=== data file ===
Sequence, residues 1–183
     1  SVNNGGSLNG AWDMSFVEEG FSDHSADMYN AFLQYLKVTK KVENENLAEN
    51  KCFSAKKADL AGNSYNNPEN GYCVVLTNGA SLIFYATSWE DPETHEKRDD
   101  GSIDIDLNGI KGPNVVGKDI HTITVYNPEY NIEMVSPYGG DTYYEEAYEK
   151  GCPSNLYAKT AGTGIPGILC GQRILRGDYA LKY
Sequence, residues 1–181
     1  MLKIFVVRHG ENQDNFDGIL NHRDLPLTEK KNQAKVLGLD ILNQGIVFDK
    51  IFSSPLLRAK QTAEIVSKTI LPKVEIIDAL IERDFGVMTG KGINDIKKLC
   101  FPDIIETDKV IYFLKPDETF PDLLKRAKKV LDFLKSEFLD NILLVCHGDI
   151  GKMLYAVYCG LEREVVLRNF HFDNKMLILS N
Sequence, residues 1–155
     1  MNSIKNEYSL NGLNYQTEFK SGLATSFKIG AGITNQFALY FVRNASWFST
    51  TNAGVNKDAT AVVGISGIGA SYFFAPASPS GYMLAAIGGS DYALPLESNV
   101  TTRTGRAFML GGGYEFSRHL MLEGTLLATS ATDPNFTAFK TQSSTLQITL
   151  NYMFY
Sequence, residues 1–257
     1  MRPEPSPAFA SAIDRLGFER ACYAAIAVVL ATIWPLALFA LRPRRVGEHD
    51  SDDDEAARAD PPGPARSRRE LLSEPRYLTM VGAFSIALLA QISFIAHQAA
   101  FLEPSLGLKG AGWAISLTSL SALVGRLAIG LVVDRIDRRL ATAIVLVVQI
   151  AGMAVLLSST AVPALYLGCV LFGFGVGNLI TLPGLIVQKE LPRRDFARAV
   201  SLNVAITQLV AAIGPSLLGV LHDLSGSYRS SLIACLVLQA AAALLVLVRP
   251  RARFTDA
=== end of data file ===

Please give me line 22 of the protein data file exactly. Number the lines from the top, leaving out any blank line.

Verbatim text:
   251  RARFTDA